The Peak District: Cromford Mills

Before I start on this week’s post, I celebrated a blogging milestone last month. I had my first month with over 5,000 unique visitors. I know it’s not a lot and for many bloggers this wouldn’t even register, but it was a big achievement for me to think 5,000 people had come to check out the blog in January and that I may have helped them plan a holiday here or there!

Anyway, back to the post at hand. I’m finally concluding my England autumn/winter 2022 series is a visit to Cromford Mills, in the Peak District. I visited whilst staying near Matlock back in October and was really blown away with what the area had to offer.

Cromford Mill

The History

Cromford Mills are designated a UNESCO World Heritage site, and are often labelled as ‘the birthplace of the modern factory system’. It is special because it was the world’s first water-powered cotton spinning mill, developed by Richard Arkwright in 1771. Anyone who has studied the Industrial Revolution will know his name as he is one of the most famous pioneers of the era.

The water source coming right in to the Mill

Today at the mill you can visit the Arkwright exhibition to learn more about the history of both the mill and the man. To look at the history I had to really put different lenses on what I was reading because emotionally it’s so complicated.

On the one hand, Arkwright was without doubt a self made man – coming from humble roots to develop something that ultimately lead to a huge increase in our standard of living. He started with 200 workers at the mill, which created so many jobs that the locality couldn’t staff them – so he was one of the first manufacturers to build houses, and also later educational facilities nearby. This contributed greatly to the local economy and continued throughout the 17 and 1800s.

That said, working here would today be classed as slavery. Starting from 1772, he ran the mills day and night with two twelve-hour shifts. Most of the employees were women and children, with the youngest only 7 years old. The minimum age was later raised to 10, and the children were given 6 hours of education a week. Today that is of course horrific, but to children of the time the money and education was sadly more than most received and establishments like this helped raise the living standard in this country so that future generations of children and adults alike could live a much better life.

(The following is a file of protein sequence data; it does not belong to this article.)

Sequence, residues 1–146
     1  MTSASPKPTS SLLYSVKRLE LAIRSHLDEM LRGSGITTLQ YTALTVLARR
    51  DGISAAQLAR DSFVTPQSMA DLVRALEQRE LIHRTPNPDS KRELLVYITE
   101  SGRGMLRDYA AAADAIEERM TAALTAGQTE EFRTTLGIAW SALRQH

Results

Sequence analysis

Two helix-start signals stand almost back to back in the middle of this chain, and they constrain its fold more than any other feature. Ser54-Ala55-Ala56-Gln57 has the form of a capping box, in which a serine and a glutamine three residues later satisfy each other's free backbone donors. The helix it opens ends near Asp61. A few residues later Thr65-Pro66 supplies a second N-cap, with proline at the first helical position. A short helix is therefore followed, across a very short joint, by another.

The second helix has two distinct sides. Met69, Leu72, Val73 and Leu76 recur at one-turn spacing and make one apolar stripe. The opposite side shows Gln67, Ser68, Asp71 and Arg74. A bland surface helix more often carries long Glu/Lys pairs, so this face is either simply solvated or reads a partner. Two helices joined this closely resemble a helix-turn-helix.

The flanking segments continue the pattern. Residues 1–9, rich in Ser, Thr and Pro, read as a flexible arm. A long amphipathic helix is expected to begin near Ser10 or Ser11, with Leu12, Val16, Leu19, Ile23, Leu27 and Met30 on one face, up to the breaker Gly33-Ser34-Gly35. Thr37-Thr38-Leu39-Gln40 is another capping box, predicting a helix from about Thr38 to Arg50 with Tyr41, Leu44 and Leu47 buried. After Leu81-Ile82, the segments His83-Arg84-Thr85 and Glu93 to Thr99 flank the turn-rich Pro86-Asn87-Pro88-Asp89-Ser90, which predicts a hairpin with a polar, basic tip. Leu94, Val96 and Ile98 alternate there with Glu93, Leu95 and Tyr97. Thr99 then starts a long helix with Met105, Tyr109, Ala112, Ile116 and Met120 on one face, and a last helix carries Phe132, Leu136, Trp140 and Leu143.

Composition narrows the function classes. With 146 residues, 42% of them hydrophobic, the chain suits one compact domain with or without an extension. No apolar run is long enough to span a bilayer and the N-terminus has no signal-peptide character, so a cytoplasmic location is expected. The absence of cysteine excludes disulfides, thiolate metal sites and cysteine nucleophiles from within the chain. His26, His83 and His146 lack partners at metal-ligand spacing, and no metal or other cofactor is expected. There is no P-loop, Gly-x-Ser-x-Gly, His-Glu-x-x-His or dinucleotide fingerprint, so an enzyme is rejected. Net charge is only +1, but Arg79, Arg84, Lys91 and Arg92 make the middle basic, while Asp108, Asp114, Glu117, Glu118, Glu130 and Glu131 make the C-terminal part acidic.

The other difficult historical aspect is that the cotton processed here came from slave plantations overseas – mainly in India and then later the Americas. This mill helped fuel slavery because without it it wouldn’t have had anything to mill. Again Arkwright, and this country more widely, benefited from the appalling treatment of slaves across the globe.

More mill buildings

Without mills like this and the Industrial Revolution, England wouldn’t be the country it is today. We wouldn’t have the standard of living we do, the relative wealth we do, the economy we do (although we’re doing a great job of trying to destroy that!) and the infrastructure we do. However, it is built on wealth derived directly and indirectly from slavery and horrific working conditions across the globe, plus has driven population booms and untold damage to this planet and the environment.

In short the exhibition was great, and really made me think.


Visiting Today

Today the mills have been preserved and converted in to a series of shops, cafes, exhibitions and attractions.

The little shops were all beautiful, and so full of treats I bought quite a lot. I came home laden with locally made cheese, some lemon curd, some Italian olives, a new hair scrunchie and some Christmas gifts too. It was really nice to be able to support small local businesses as well.